China Vanke Co. is marketing its debut sale of U.S. dollar-denominated bonds after Fitch Ratings Ltd. said the country’s largest property developer by market value is better placed than its peers to cope with government measures to cool house prices.
China Vanke is offering five-year notes at a yield of about 220 basis points more than Treasuries, a person familiar with the deal said. The notes are expected to carry a BBB rating from Standard & Poor’s, one level lower than the Shenzhen-based borrower’s corporate credit grade, according to a March 4 statement from S&P. Five-year BBB rated dollar bonds from Asian companies offer an average spread of 221 basis points, according to HSBC Holdings Plc indexes.
Cities with “excessively fast” price gains must raise down-payment requirements and interest rates on second-home mortgages, China’s cabinet said on March 1, as policy makers in the world’s second-biggest economy seek to curb house-price increases. Larger nationwide players including Vanke will probably be less affected by the new guidelines given their broad project mix, geographical coverage and high margins, according to Fitch.
“The curbs, if implemented strictly, will affect every property developer,” said Annisa Lee, a Hong Kong-based credit analyst at Nomura Holdings Inc. “But Vanke is one of the largest in the country so the proposed bond should get done based on current pricing guidance.”
Average yield premiums Chinese companies pay for dollar debt rose to a 15-week high of 403 basis points on March 4, according to JPMorgan Chase & Co. indexes.
China Overseas Land & Investment Ltd.’s $750 million of 4.875 percent securities due February 2017, rated BBB by S&P, offered 181.8 basis points more than Treasuries as of 12:24 p.m. in Hong Kong, ING Groep NV prices on Bloomberg show.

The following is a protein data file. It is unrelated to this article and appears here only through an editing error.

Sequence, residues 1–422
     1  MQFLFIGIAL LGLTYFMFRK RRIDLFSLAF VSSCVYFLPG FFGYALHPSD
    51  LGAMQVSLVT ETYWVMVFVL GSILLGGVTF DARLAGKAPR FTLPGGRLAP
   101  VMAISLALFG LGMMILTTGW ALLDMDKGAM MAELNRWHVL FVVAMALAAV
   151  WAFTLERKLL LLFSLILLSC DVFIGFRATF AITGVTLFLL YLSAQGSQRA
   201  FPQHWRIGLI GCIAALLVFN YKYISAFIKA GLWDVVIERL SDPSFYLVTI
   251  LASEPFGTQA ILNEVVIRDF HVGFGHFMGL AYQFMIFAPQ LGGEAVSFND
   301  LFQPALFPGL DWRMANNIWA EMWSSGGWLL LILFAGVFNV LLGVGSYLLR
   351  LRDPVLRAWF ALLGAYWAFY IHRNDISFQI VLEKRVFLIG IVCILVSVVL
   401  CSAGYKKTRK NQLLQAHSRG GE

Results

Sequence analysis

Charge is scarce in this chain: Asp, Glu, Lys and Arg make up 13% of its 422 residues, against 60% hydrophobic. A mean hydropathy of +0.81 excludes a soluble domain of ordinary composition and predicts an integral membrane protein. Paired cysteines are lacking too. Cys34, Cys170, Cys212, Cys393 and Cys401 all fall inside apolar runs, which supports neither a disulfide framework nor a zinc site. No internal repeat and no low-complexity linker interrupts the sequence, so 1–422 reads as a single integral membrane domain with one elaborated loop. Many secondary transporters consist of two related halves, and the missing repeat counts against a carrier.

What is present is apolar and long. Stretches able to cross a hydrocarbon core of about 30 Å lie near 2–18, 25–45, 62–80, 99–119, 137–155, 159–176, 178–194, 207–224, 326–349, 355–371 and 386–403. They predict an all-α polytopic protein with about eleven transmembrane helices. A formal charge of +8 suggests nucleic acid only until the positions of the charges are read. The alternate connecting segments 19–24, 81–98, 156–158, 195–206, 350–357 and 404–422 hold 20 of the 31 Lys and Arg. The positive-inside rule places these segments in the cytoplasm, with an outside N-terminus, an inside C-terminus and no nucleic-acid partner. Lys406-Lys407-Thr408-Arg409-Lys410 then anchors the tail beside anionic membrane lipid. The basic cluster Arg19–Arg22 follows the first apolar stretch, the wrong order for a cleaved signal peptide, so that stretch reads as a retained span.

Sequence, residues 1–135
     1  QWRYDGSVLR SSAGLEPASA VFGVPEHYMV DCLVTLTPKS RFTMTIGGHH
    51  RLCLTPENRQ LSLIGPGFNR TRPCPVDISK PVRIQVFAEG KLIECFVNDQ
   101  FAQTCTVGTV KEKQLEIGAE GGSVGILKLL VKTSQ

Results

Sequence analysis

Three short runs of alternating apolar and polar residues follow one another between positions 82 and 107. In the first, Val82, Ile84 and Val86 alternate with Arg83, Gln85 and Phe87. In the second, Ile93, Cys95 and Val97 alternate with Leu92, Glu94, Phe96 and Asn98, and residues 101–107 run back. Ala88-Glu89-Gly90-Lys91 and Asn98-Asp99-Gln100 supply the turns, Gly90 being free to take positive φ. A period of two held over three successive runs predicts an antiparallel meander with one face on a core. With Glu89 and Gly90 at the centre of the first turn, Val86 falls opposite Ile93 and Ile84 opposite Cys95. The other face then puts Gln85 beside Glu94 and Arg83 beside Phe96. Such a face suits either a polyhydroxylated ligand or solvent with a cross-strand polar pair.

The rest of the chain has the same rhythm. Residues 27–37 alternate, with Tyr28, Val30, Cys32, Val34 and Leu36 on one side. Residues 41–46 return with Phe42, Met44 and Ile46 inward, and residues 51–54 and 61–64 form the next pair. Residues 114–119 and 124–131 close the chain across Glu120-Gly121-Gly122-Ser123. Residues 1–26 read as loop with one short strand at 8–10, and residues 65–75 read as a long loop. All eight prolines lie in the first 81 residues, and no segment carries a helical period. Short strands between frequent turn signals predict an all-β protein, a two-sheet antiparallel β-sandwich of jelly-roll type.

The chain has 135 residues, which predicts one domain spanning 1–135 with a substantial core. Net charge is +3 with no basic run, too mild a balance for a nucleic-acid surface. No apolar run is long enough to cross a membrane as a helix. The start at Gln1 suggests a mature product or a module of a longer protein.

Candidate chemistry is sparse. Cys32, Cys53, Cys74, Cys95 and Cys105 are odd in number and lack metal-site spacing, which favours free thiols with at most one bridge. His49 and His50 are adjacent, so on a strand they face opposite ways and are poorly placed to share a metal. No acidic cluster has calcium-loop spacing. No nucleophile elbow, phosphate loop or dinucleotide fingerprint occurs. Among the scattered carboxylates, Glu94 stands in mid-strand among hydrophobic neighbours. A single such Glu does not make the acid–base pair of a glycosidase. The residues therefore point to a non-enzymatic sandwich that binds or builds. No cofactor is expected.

The Markit iTraxx Asia index of 40 investment-grade borrowers outside Japan fell 1 basis point to 103.5 basis points as of 8:50 a.m. in Hong Kong, Royal Bank of Scotland Group Plc prices show. The benchmark is on track for its lowest close since Jan. 7, according to data provider CMA.
The Markit iTraxx Japan index slid 2 basis points to 111.5 as of 9:28 a.m. in Tokyo, Citigroup Inc. prices show. The gauge is dropping for a seventh straight day, a streak of declines that has taken it to the lowest close since March 2011, according to CMA, which is owned by McGraw-Hill Cos. and compiles prices quoted by dealers in the private market.
The Markit iTraxx Australia index dropped 1 basis point to 111 basis points as of 11:27 a.m. in Sydney, according to National Australia Bank Ltd. The measure has fallen 16.5 basis points this year, according to NAB and CMA.
Credit-default swap indexes are benchmarks for insuring bonds against default and traders use them to speculate on credit quality. A drop signals improving perceptions of creditworthiness, while an increase suggests the opposite.
The swap contracts pay the buyer face value in exchange for the underlying securities if a borrower fails to meet its debt agreements.